…Johnny Burke and James Van Heusen have cleffed two bright new tunes for the film, both of which, with Crosby to introduce them, should get plenty of play. “You’re in Love with Someone,” a ballad, has the edge but the other, “Top O’ the Morning,” has the lilt that Crosby fans go for. Crooner also gets a chance to dispense a round of traditional Irish airs, ranging from “Irish Eyes” to the lesser-known but more sprightly variety.
(Variety, July 20, 1949)

In my opinion, Top O’ The Morning is not a great Bing Crosby movie, but even a bad Bing film is worth viewing. The last fifteen minutes of the movie is the best, and some of the plot is pretty sinister for a lighthearted Bing film. Bing and the cast does the best they could with the script, and this film is worth watching. My copy came from a showing on AMC Network in 1998, and now TCM has also shown the film, so if you get a chance check out this slight Bing film. The film was not great but pleasant enough..

MY RATING: 6 OUT OF 10




Monday, March 9, 2020

BING ON FILM: TOP O' THE MORNING - PART ONE

It is easy to review and write about High Society or Holiday Inn, but I wanted to look at a film that was not as remembered as other Crosby films. So that is why I picked Bing’s 1949 Top O’ The Morning. I have had the film on a bootleg DVD for years, but I just never could bring myself to watch the film. I am not sure why, but I finally viewed the film, and it is not too bad. It is not great either.

After making some great Technicolor vehicles like Blue Skies and The Emperor Waltz, Top O’ The Morning looks drab and boring in black and white. I don’t know how Paramount could make a movie about colorful Ireland without the film being in color. The plot is slight, and at times I surprisingly find the movie hard to follow. Although the film has a marvelous cast, it is only mildly entertaining, with the story stumbling along in fits and starts, though it does pick up speed in the last half.  Crosby plays a New York insurance investigator sent to Ireland to search for the missing Blarney Stone. Yes, it's been stolen! Barry Fitzgerald plays the ineffectual police sergeant in a nearby town, with Blyth playing his pretty daughter, Conn, and Hume Cronyn is his assistant, Hughie. John McIntire, who later appeared in Blyth's charming comedy Sally And Saint Anne (1952), plays a police inspector working on the case.


The original name of the film was supposed to be Diamond In The Haystack. Very little happens in this rather slow-moving film, which spends a great deal of time on the mysterious prediction of a townswoman (Eileen Crowe) regarding who will marry Conn; eventually, of course, the Blarney Stone mystery is solved and true love prevails. Even though I am of Irish decent, I did not really know what the Blarney Stone was. The Blarney Stone is a block of Carboniferous limestone built into the battlements of Blarney Castle  about 8 kilometers (5 miles) from CorkIreland. According to legend, kissing the stone endows the kisser with the gift of the gab (great eloquence or skill at flattery). The stone was set into a tower of the castle in 1446. The castle is a popular tourist site in Ireland, attracting visitors from all over the world to kiss the stone and tour the castle and its gardens.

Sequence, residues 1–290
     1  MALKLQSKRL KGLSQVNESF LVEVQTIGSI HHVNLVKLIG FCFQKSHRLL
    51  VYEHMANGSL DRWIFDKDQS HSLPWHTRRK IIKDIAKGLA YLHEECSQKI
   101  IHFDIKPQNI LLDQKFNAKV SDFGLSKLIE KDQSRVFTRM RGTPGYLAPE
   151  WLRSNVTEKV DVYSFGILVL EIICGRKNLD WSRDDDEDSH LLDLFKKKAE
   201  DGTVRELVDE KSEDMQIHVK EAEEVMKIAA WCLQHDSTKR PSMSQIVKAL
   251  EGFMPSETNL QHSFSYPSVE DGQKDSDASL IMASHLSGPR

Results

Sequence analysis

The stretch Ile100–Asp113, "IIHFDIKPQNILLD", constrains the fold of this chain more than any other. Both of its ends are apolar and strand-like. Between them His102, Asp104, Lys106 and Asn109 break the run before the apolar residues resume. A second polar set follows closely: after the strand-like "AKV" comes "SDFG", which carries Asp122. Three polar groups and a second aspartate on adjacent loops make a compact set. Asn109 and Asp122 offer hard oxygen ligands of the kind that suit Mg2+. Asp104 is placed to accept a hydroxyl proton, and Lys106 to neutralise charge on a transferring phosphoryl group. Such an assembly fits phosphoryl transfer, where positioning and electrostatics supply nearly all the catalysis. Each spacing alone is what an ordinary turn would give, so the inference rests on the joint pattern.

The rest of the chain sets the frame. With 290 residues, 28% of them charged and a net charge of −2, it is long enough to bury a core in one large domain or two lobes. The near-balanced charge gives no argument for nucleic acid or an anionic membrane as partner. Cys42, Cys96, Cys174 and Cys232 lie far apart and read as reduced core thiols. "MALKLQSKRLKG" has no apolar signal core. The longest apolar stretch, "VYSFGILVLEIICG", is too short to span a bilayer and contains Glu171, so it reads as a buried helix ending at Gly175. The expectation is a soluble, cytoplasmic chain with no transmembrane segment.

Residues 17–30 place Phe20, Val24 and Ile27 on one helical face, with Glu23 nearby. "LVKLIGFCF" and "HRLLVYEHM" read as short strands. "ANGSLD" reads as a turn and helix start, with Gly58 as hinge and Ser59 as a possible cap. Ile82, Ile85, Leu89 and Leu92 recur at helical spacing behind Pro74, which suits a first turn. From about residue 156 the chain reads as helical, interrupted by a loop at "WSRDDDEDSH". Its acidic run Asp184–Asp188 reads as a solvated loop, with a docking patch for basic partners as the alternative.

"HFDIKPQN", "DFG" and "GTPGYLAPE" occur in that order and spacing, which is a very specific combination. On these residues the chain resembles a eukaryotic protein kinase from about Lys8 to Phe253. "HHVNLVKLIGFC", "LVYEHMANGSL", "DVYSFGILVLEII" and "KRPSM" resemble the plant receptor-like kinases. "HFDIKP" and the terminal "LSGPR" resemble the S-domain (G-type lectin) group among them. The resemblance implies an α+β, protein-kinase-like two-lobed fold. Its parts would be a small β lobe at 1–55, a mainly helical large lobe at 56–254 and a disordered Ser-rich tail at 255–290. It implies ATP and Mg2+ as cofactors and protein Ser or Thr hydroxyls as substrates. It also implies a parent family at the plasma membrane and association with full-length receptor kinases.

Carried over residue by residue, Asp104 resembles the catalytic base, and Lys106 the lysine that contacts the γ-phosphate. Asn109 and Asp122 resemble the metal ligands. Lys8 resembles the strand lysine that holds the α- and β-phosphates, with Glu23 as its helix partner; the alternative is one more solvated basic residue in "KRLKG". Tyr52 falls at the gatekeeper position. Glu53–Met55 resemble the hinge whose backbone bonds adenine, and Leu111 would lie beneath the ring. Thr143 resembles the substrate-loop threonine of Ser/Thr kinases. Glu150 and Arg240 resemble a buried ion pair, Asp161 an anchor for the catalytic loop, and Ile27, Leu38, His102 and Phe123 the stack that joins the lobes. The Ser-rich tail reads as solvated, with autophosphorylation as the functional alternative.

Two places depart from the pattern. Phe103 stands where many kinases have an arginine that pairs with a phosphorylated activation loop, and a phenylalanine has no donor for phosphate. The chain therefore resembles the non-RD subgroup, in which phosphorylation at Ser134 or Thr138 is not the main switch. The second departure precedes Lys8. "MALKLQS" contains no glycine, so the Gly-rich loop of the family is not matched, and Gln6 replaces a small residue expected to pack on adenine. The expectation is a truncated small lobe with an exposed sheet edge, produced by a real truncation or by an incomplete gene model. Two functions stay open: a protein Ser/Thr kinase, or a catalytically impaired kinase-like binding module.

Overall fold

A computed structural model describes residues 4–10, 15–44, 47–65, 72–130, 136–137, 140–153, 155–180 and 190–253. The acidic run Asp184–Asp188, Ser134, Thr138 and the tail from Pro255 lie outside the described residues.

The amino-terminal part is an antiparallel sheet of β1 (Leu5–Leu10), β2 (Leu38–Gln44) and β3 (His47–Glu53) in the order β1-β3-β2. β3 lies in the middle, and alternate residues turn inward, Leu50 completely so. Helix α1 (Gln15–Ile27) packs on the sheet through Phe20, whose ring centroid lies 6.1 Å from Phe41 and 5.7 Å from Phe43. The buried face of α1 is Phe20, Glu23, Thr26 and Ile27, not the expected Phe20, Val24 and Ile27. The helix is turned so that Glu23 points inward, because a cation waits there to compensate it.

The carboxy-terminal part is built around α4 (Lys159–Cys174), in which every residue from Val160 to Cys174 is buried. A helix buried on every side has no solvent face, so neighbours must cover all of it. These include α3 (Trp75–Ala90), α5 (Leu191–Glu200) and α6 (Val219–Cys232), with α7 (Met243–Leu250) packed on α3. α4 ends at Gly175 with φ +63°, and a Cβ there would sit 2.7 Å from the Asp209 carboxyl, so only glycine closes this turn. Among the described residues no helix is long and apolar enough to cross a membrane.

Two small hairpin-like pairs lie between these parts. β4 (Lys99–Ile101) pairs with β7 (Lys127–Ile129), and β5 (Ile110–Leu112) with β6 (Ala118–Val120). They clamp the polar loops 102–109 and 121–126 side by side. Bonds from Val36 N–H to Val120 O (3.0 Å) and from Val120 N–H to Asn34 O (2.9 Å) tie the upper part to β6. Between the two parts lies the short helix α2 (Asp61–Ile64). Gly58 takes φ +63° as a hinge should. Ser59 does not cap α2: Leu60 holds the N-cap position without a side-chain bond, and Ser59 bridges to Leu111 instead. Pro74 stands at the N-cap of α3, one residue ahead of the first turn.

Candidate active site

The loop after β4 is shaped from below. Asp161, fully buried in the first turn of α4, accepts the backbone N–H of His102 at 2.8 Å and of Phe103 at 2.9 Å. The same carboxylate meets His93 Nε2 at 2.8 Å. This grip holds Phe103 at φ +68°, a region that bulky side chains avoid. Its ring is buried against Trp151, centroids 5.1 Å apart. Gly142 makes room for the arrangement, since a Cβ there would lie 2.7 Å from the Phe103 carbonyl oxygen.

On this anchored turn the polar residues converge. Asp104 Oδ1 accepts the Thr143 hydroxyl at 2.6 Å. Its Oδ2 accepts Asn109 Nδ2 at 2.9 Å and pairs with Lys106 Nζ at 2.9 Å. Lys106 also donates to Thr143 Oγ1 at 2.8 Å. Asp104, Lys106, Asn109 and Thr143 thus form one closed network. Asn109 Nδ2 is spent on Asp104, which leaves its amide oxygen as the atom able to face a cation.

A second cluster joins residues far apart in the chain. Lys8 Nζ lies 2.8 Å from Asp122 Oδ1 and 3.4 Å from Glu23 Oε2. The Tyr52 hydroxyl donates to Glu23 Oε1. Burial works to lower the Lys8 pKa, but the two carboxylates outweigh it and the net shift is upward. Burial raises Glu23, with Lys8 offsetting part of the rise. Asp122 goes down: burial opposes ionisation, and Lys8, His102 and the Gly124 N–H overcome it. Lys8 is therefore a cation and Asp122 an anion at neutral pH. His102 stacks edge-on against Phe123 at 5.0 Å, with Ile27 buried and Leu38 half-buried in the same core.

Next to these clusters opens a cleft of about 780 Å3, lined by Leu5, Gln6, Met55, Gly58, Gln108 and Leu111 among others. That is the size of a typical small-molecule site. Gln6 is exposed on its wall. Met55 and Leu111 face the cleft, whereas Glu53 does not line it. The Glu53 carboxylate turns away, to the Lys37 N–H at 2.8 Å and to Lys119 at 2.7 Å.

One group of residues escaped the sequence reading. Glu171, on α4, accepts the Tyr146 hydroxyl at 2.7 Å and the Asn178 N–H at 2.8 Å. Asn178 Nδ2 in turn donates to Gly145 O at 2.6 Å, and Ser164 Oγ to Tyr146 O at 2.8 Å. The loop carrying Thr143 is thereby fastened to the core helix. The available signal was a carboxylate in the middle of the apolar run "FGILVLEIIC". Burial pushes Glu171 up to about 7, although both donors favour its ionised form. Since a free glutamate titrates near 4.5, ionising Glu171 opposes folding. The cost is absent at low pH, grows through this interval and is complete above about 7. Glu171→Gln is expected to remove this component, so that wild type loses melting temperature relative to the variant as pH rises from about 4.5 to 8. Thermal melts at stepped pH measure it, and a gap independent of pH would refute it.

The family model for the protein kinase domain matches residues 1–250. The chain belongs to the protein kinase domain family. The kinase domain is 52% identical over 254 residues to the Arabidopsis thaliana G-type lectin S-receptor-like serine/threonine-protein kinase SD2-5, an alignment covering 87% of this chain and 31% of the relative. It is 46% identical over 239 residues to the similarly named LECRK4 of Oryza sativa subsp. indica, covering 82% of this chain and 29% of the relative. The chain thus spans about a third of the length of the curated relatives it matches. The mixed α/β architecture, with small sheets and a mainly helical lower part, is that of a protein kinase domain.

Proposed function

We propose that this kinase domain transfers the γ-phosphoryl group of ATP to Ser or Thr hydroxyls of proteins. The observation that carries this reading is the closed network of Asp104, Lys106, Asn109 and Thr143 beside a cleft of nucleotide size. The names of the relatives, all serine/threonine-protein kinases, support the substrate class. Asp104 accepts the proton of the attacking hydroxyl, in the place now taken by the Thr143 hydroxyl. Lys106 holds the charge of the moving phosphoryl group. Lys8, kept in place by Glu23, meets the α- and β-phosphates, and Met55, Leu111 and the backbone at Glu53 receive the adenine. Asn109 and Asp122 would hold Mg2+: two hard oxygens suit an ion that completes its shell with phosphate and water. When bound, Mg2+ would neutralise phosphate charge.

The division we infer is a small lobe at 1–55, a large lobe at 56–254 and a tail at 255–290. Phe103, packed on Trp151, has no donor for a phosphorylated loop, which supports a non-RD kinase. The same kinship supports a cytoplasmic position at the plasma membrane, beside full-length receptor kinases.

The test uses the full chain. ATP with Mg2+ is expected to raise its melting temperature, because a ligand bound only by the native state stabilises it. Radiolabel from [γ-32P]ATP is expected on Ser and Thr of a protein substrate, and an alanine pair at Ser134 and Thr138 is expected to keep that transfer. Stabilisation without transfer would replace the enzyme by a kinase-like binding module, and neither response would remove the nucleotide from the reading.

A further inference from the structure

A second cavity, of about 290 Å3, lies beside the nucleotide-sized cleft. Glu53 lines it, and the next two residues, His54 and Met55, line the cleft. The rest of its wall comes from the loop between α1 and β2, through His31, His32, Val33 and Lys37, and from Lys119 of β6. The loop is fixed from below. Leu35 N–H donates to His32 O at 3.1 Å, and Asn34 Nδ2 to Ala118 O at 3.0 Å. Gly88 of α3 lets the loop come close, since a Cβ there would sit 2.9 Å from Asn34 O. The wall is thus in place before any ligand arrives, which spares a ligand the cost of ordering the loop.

Back to the film, Bing Crosby looked quite bored in the film as if he was going through the motions of a substandard script. I do not know if it was because of the age difference of Bing and his co-star Ann Blyth, but their pairing did not seem to gel to me, and they did not seem to have too much chemistry. Bing Crosby had wanted Deanna Durbin to costar in this picture as well as A Connecticut Yankee in King Arthur's Court (1949). Miss Durbin, about to retire from the screen with the finish of her Universal-International contract on August 31, 1949, declined both offers from Bing. In place of Miss Durbin, Universal loaned Ann Blyth to Paramount for this film...

TO BE CONTINUED...



Friday, February 28, 2020

PHOTOS OF THE DAY: MORE MEMORIES OF DIXE LEE CROSBY

Almost eight years ago I published some great photos of the Bing's first wife Dixie Lee (1911-1952). Dixie was the love of Bing's life, and here are some more candid photos...















Friday, February 14, 2020

ST. VALENTINE'S DAY


Just in time for Valentine's Day, I wanted to spotlight a little compilation album that I used to have on an old 10 inch album. It was a cute album. St. Valentine's Day is a Decca Records compilation album of recordings by Bing. Bing Crosby had enjoyed unprecedented success during the 1940s, with his output including six No. 1 hits in 1944 alone. His films, such as Going My Way and The Bells of St. Mary's, were huge successes as were the Road films he made with Bob Hope. On radio, his Kraft Music Hall and Philco Radio Time shows were very popular. Decca Records exploited this by issuing a number of 78rpm album sets, some featuring freshly material and others using Crosby's back catalogue. Ten of these sets were released in 1946, nine in 1947 and nine more in 1948. Most of these 78rpm albums were reissued as 10" vinyl LP's in subsequent years.